With Dada Chen at NYAFF 2013

With Dada Chen at NYAFF 2013
With Dada Chen at NYAFF 2013

Thursday, September 09, 2010

ACF 671: Latest FREE film series from Korean Cultural Service announced

The next segment of the Korean Cultural Service's KOREAN MOVIE NIGHT will focus on documentaries and will run from September 14, 2010 ­ October 31, 2010. Screenings will take place every other Tuesday @ 7pm at Tribeca Cinemas, 54 Varick Street, on the corner of Canal Street, one block from the A, C, E and 1 train Canal Street stops.

Price? Free.
All seating is first-come, first served.
Doors open at 6:30pm.


TUESDAY, September 14 @ 7pm
TURN IT UP TO 11 (2009, 93 minutes, New York Premiere)

Winner of four major film awards, and the documentary that spawned the Korean catch phrase, "I don't think we're gonna make it," TURN IT UP TO 11 is a rambunctious rock n'roll odyssey about Incheon's unlikeliest talent incubator: Ruby Salon. A tiny, hole-in-the-wall club founded by aging punk Lee Kyou-Young, who moved back home to Incheon after accidentally getting his girlfriend pregnant, Ruby Salon is the seed that sprouts two bands: Galaxy Express, a tight, ambitious outfit that dreams of stardom; and Tobacco Juice, a band whose members are so lazy they can't even be bothered to show up for gigs. As one band goes up, and the other goes down, this slacker doc follows them to shows, bars, massive concerts, antagonistic rehearsals and empty clubs in the best movie ever made about the Korean music scene.

TUESDAY, September 28 @ 7pm
DANCE OF TIME (2009, 92 minutes, New York Premiere)

Song Il-Gon is the director of such classic Korean arthouse films as FEATHER IN THE WIND and the one-take-wonder, THE MAGICIANS, and here he turns his attention to the documentary, directing a relaxed, sun-soaked, lighthearted ode to love, dance, music, Santeria and Cuba. Starting at the turn of the century, DANCE OF TIME follows Cuba's tiny community of Koreans from their accidental immigration to the present, along the way surviving wars, revolutions, and tumultuous romances. A little-known part of Cuba, these Koreans have flowered into a vital part of the island's culture that almost no one has heard of. This slick, technically accomplished documentary, throbbing with music, takes care of that problem.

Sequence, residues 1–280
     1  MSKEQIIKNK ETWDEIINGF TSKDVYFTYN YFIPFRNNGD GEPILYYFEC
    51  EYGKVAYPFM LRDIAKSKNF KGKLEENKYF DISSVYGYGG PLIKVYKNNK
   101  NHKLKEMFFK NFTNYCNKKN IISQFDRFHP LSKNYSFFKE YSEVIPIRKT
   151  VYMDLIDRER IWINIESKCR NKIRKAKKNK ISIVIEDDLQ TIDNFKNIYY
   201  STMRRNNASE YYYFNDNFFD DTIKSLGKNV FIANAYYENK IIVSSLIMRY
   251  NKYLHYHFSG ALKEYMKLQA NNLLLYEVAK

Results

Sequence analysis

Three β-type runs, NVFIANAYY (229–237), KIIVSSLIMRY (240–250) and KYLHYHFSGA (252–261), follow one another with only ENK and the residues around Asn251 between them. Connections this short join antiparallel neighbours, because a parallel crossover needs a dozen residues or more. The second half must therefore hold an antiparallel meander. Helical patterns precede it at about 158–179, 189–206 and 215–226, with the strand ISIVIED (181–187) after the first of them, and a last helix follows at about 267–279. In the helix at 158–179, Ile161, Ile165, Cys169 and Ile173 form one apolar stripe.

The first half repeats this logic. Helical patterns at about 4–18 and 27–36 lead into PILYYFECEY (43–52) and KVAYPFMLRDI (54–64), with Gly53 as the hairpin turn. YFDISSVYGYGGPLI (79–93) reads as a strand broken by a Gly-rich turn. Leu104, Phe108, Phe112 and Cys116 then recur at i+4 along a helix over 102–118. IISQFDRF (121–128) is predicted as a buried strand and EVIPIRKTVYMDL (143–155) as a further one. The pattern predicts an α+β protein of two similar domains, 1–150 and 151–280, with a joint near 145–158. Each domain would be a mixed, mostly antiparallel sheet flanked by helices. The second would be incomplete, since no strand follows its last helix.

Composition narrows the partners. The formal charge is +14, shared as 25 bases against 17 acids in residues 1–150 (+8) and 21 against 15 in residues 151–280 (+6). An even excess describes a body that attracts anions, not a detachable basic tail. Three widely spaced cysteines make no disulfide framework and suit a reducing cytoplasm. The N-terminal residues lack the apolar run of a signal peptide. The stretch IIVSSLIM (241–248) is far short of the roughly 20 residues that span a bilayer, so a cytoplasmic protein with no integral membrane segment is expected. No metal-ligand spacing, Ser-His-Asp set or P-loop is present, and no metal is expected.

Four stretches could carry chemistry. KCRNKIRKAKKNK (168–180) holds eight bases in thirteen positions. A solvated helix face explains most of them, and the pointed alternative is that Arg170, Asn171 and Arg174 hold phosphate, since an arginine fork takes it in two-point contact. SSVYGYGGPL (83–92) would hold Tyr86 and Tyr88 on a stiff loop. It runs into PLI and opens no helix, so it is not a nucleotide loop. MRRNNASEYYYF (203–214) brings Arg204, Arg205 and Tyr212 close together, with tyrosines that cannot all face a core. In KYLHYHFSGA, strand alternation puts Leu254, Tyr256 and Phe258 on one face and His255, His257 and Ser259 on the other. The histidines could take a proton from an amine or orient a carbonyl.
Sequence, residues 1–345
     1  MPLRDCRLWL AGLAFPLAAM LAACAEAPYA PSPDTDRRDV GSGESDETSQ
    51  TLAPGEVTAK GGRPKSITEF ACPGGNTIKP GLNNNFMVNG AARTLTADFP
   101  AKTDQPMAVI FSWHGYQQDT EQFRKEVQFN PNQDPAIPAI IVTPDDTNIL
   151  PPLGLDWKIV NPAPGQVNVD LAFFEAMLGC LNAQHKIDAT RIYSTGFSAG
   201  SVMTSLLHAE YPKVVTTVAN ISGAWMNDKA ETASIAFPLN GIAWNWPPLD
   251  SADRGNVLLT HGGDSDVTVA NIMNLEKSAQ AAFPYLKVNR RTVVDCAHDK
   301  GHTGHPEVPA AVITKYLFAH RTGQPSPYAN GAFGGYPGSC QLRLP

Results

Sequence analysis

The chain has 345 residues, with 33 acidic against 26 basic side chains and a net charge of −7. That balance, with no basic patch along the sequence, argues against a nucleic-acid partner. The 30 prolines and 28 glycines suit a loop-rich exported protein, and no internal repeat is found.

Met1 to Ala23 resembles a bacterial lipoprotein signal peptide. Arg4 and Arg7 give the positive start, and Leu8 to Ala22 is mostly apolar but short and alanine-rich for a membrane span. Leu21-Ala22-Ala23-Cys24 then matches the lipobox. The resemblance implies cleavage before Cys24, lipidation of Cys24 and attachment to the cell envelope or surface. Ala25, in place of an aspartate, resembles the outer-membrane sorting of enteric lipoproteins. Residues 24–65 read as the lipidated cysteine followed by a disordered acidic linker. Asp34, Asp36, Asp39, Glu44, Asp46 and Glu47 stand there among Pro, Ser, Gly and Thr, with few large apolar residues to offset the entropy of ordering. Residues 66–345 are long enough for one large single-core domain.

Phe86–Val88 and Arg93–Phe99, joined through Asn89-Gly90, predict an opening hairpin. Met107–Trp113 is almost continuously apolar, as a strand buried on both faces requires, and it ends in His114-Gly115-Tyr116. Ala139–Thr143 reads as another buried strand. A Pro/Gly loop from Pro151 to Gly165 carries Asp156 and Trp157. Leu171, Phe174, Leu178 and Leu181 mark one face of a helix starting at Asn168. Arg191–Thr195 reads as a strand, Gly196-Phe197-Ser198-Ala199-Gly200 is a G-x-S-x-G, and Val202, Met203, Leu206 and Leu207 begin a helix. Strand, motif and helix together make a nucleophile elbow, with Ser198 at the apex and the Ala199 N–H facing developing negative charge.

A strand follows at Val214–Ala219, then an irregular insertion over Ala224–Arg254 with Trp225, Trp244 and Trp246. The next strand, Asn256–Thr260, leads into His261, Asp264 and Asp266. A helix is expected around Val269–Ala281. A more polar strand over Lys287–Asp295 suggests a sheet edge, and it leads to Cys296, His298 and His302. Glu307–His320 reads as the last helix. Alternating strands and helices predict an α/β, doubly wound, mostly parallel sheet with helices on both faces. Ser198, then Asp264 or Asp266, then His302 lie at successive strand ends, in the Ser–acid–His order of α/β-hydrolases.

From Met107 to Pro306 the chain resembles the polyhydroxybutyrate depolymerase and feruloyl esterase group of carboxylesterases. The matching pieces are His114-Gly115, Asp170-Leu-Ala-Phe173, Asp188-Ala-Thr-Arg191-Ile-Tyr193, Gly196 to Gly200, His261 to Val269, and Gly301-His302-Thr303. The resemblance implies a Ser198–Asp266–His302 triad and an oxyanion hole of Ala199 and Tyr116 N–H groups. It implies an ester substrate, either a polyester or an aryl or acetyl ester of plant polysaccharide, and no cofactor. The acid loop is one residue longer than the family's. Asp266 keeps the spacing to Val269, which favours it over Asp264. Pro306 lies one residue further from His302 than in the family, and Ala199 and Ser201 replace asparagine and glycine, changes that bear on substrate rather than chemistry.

TUESDAY, October 12 @ 7pm
GRANDMOTHER'S FLOWER (2008, 89 minutes)

It's one of the most astonishing documentaries about modern day Korea ever made, but when it begins this documentary sounds terrible. Director Mun Jeong-Hyun is pressured into making a doc about his grandmother, and he's convinced there's no story there, but when he discovers a secret cache of his greatuncle's incomprehensible journals he begins to pull on the threads of his family history, and everything unravels. Ultimately lifting the lid off his peaceful hometown of Naju, he reveals a hair raising history of conflict between intellectual left wingers and working class right wingers who have been at each other's throats since the Japanese occupation. A harrowing family saga, it begins with torture, persecution and secret executions and it ends with self-mutilation, decades of discrimination, threats against the filmmaker, and a family exiled over three countries. A searing look at what history has done to the Korean people, this is the kind of documentary that keeps upping the ante, finding new realms of pain and suffering to inflict as history has its way with its victims.

TUESDAY, October 31 @ 4pm
GHOST aka BE WITH ME (2010, 100 minutes, US Premiere)

Every summer it's horror movie time in Korea, but this year, BE WITH ME captured attention not by scaring the pants off its audience, but by offering a fresh take on the omnibus ghost film by some of Korea's hottest young directors who take the traditional horror movie in a funnier, more experimental and more moving direction. These three stories about ghosts star a cast of some of the best young actors in Korea including Kim Kkot-Bi (BREATHLESS) and Kim Ye-Ri (PAJU) and they center around the loneliness of the ghost. From the tale of two best friends (and the boy who got one of them pregnant) competing for a single slot at a top college, to the story of a boy branded as a loser because he sees dead people, this is one of the freshest takes on the genre to come along in years.

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